A few years ago, I wrote a little statistics piece on just how well New York City’s war on crime on television matched up with the one in reality. It turned out that there were twice as many murders in television Manhattan than in real Manhattan. And that’s not even taking into account the trail of bodies that undoubtedly leads to Ted Mosby.
I don’t like New York City.
Wow! That’s the most hate mail I’ve gotten since that libertarian website linked to my Walking Dead article!
No, let me rephrase by paraphrase, via one of history’s wisest women: I don’t hate New York City, I nothing New York City. I’ve been there, didn’t care for it, and I really did move on with my life.
But the damned city’s faithful adherents infect every aspect of popular culture, droning on with their solemn chant that it’s the most magical wonderful place on Earth. Priests don’t talk about the Vatican half as reverently as New Yorkers gush about their particular set of streets and buildings. I love Stephen King’s Dark Tower, even with a soft spot for the generally loathed ending. Know what I hated? Learning in book 3 or so that New York was literally the nexus of the universe in the story. It was at that point that I may or may not have secretly started rooting for the other side, eventually hoping that the beams would come crashing down and Randall Flagg would ride the Dark Tower down into oblivion like Slim Pickens on a nuke. No such luck.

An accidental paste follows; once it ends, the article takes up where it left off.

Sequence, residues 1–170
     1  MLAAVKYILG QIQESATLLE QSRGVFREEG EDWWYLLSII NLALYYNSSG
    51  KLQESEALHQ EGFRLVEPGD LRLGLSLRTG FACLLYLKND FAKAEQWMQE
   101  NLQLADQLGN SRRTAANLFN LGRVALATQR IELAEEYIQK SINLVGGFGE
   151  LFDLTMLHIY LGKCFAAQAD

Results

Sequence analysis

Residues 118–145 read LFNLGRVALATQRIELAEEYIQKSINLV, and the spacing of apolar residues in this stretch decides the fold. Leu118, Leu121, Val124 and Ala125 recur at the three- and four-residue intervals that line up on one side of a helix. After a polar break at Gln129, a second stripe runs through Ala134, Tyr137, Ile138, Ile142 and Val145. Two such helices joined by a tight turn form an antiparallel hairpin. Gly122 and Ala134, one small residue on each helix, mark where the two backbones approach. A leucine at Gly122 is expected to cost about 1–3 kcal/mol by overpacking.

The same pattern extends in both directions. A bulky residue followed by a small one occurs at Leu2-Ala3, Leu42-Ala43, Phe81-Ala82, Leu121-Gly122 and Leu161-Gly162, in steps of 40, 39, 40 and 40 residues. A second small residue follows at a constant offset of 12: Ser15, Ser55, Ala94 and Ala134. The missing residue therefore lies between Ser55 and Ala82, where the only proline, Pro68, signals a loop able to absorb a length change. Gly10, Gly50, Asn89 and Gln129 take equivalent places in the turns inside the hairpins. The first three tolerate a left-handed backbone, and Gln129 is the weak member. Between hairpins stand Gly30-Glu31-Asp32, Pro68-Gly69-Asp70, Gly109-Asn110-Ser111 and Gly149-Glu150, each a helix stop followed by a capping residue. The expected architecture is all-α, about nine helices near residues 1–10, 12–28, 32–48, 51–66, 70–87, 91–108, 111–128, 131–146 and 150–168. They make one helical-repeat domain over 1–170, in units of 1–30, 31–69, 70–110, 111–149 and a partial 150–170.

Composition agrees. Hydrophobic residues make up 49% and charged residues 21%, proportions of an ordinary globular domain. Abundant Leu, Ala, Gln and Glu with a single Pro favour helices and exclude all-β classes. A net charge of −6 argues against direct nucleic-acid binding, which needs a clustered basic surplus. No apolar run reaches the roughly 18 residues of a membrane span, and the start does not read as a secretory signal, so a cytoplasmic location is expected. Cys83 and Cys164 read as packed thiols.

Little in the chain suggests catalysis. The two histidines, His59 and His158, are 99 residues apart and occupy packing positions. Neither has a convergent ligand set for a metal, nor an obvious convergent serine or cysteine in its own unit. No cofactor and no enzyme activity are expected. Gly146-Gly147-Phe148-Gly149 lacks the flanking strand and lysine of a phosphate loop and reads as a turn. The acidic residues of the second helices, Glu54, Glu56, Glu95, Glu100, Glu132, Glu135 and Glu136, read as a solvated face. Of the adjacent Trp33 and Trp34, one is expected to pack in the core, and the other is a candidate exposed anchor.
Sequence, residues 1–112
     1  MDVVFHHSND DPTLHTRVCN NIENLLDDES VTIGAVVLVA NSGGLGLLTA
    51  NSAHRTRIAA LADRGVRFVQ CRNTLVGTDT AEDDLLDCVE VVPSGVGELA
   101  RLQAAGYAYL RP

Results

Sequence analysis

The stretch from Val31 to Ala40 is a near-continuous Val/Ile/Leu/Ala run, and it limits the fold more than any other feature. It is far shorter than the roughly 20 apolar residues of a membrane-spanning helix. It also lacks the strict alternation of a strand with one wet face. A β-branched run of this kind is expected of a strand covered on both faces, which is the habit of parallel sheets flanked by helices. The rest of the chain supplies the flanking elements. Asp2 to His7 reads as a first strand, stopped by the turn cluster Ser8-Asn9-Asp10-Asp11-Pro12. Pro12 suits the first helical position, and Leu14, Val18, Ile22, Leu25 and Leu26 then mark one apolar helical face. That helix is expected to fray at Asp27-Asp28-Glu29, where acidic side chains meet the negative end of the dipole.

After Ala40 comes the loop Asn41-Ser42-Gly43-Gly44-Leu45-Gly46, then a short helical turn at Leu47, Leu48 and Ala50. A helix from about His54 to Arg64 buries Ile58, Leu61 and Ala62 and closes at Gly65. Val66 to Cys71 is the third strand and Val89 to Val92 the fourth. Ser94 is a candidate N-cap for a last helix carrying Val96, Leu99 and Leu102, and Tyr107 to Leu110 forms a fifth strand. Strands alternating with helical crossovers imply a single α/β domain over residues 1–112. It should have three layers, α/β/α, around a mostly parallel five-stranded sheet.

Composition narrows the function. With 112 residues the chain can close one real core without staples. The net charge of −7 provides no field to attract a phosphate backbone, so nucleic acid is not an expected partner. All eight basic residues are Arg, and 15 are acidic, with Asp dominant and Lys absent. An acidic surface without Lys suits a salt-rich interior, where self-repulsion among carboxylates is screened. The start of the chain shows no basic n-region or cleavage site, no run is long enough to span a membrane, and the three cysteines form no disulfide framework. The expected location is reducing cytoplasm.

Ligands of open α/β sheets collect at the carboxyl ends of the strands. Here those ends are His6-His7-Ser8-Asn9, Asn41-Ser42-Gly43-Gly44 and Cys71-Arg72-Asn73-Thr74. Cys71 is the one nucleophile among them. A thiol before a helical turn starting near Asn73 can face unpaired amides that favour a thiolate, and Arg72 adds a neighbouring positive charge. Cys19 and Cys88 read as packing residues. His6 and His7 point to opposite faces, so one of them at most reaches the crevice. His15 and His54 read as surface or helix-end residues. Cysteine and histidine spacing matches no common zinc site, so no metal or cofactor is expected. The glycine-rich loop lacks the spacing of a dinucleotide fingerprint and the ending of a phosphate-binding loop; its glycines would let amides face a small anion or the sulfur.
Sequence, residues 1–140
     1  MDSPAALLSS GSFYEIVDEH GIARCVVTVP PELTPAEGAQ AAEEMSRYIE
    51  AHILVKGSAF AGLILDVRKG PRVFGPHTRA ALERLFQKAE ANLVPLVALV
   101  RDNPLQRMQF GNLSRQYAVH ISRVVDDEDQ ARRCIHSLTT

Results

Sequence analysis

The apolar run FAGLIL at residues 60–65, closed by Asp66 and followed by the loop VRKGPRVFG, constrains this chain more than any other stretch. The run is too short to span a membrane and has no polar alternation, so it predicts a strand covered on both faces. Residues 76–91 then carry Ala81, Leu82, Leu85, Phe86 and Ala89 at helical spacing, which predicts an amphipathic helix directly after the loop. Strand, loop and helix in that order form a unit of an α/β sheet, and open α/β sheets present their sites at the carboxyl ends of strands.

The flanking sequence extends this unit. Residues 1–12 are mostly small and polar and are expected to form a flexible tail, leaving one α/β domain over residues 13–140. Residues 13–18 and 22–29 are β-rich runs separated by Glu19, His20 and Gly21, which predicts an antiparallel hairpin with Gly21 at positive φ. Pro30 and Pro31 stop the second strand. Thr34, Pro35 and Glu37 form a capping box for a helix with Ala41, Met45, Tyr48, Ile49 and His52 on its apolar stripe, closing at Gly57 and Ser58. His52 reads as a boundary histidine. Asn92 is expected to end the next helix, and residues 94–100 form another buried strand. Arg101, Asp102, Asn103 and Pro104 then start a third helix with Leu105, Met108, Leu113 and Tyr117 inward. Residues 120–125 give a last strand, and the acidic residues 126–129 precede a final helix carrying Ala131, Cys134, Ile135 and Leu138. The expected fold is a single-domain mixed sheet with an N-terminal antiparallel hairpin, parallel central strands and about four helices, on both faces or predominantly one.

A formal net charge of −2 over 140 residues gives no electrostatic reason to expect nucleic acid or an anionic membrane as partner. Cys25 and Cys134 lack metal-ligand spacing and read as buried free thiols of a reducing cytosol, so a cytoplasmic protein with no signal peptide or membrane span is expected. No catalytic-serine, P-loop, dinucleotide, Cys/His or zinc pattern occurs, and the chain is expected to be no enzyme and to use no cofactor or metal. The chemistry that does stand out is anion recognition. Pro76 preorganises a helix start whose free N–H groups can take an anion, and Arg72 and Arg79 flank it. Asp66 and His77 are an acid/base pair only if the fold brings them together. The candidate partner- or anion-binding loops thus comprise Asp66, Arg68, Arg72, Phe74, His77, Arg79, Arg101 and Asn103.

There’s no point having the argument at length. Faith cannot be argued with and once it settles upon a tenet, the only words are either agreement or blasphemy.
But what I can do is argue that when the inevitable next batch of television procedurals comes around next year, that maybe, just maybe, they’ll set a few of them in other places instead of tossing them all into the Big Apple. And if you mention Los Angeles or Miami, I’ll forward your email address to the libertarians and let them sort you out.
So here are the ten places or times that procedurals should be set in before giving us another New York City one.
1. The South Pole: Six months of darkness. It’s fifty below zero outside, so all the mysteries are of the locked box variety. No one is getting in or out, which complicates anything like arrests. This wonderful little article on being a bartender at the South Pole should be the entry point. There are just enough people down there, that sometimes there needs to be someone in charge of figuring out what’s going on when little things go wrong.
2. Soviet Russia: Now this could be as simple as adopting Tom Rob Smith’s Child 44 (which is also getting a movie adaptation at the moment), but the notion of being law enforcement in a totalitarian state could certainly be generalized. There’s a tension between searching for the truth and never being allowed to acknowledge truth as a real ideal that would make for wonderful dark television.
3. Ancient Rome: Personally, I think they could just take every genre, set it in Ancient Rome, and have Vorenus and Pullo do their thing. Added bonus: the complete absence of police of any kind makes the detective savant actually more realistic than in later eras. Sherlock Caesar?
4. Renaissance Italy: Despite a handful of historical dramas set in the period, what I really want is a medical procedural set during the foundation of medicine, during the discoveries of circulation and the internal organs, etc.
5. Post-apocalypse: Defiance doesn’t count. Science fiction has a tradition of the sheriff but it has little in the way of true detectives. Think Asimov meets The Walking Dead.
6. The moon. Outland doesn’t count.
7. Canada. Or just bring back Flashpoint. Whatever’s easier. I’m not picky.